Japanese GP: 6 things you need to know from quali after another Ferrari disaster
Congratulations if you made it out of bed early enough to watch qualifying for the Japanese Grand Prix this morning.
In case you snoozed through your alarm, here’s how they all stacked up at the end of the session, and everything you need to know ahead of Sunday’s race.
1. Lewis hits the big 8-0
During free practice on Friday, Lewis Hamilton was caught on the team radio declaring his love of driving around the awesome Suzuka circuit, and it was easy to see why he enjoys it so much when he sealed pole position for the race, ahead of Mercedes team-mate Valtteri Bottas.
Incredibly, that is Hamilton 80th pole position in F1. He’s way out in front as the all-time poles record holder, and with at least another two years on his Merc contract, would you bet against him notching up his ton before he retires?
2. The rain came
Before the session started the weather experts predicted a 60 per cent chance of rain falling during quail.
It mostly stayed dry for Q1, but it did start to come down at the end of Q2 – which became obvious when Charles Leclerc, out late in the Sauber, spun through 360 degrees. He came to no harm though, as he caught the spin perfectly and continued on his way.
Though it did mean he had no chance of improving his time, meaning he failed to progress into Q3.
Still, in 11th and with a free tyre choice for tomorrow’s race, he could be on for another big points haul in the much-improved Sauber.
3. Ferrari make a mess of it
Mercedes proved why they are leading both championships today by getting their approach to qualifying spot on. They got Hamilton and Bottas out on track at exactly the right time and on exactly the right tyres to lock out another 1-2 front row in what was a very changeable and challenging session.
Ferrari meanwhile perhaps proved why they are trailing in the title battle after botching another session with poor strategy calls.
With a little rain having fallen at the end of Q2, the Scuderia sent out both Sebastian Vettel and Kimi Raikkonen out on intermediate tyres at the start of Q3, while Mercedes had sent their drivers out on slicks.
Sure enough, as soon as Vettel got on track he radioed back to tell the team it was far too dry for inters, and that he was coming straight back in.
But while they were changing back to slicks, Hamilton and Bottas were out on track and set their times while the circuit was at its fastest.
By the time Vettel went out it had already started to lose speed, and then the rain did come at the end of the session, leaving the German on the wrong tyres again.
In the end he could do no better than ninth on the grid, with Kimi up in fourth.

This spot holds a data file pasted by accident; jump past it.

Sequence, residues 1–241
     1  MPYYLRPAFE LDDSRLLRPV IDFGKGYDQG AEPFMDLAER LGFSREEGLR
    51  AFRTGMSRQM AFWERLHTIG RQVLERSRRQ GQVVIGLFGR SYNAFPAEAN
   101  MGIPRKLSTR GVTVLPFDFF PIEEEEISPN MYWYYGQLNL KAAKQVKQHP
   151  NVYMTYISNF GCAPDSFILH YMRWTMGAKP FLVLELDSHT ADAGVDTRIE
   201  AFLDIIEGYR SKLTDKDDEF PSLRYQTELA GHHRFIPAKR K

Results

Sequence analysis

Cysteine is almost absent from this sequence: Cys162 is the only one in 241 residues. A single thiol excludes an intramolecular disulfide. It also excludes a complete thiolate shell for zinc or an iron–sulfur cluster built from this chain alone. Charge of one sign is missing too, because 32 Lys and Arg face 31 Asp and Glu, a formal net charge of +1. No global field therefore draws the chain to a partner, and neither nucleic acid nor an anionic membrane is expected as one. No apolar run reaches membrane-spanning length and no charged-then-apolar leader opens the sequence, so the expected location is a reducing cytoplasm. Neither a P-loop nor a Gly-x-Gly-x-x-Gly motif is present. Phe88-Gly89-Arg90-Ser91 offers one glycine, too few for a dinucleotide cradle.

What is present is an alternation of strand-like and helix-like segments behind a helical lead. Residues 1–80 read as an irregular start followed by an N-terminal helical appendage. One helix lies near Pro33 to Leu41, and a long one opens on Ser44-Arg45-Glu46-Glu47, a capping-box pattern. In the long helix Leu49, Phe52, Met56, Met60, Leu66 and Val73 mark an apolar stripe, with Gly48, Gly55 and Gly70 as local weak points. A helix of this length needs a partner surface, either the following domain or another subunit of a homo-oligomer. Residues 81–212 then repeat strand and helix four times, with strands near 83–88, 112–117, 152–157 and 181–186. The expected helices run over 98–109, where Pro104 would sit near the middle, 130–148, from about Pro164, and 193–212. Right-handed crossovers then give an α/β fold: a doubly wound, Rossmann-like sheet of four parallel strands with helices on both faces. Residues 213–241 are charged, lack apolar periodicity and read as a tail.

A shot of team boss Maurizio Arrivabene shaking his head on the pit wall summed up what a disaster it was, on a day when Ferrari needed a good result to stay in the title hunt.
4. Hartley and Honda smash it
Honda and Brendon Hartley – two names that have had to endure lorryloads of criticism since coming into F1.
But today it came right for both of them. Honda had brought a new engine upgrade for this, their home race, promising it would give the Toro Rossos an extra half a second per lap.
Yeah, yeah, heard that one before, Honda.
Except this time, it actually seemed to be true.
Amazingly, both STRs got into Q3, and perhaps even more amazingly, the much-maligned Hartley out qualified his more highly rated team-mate Pierre Gasly with the pair lining up sixth and seventh respectively.
Red Bull driver chief Helmut Marko has told Hartley he must beat Gasly in the last races of the season to be in with a chance of keeping his seat next year, so this couldn’t have come at a better time for the Kiwi racer.
5. A penny for Zak Brown’s thoughts
McLaren had years and years of Honda promising big upgrades in power that never seemed to materialise, causing the British team to dump them in favour of Renault engines for this year.
Are the Macca top brass regretting that decision now? The contrast with Toro Rosso is stark: sixth and seventh, versus 18th and 19th for Fernando Alonso and Stoffel Vandoorne.
Even worse, at this race last year, Alonso qualified in the top ten with a Honda engine.
Last season we thought McLaren had reached rock bottom. How wrong we were. The question now is, where do they go from here?
6. Red Bull can’t wait to get Honda power
If the McLaren bosses are shaking their heads in dismay at Honda’s new-found power, the Red Bull big cheeses must be rubbing their hands together in glee.
They will have the Japanese engines next year, ending a fraught relationship with Renault. That relationship only got worse today when Daniel Ricciardo was forced out of qualifying in Q2 with another power unit failure.
He was furious afterwards and could be heard screaming in frustration as he walked down the pit lane.
Red Bull will soon be rid of Renault and will be hoping to challenge at the front with Honda next year, but Danny Ricc will have not only a Renault engine but also a chassis when he moves to the works team next year. Who will end up with the better deal there? Only time will tell on that one.
The Bulls do still have one car in the fight though, after Max Verstappen sealed third place on the grid with another excellent drive.
Set your alarm clocks for the race
It will be lights out for the race at 6.10am BST on Sunday morning, so set your alarm clocks now, and we'll see you in the Home of F1 live chat channel to watch along then. And don't hit the snooze button!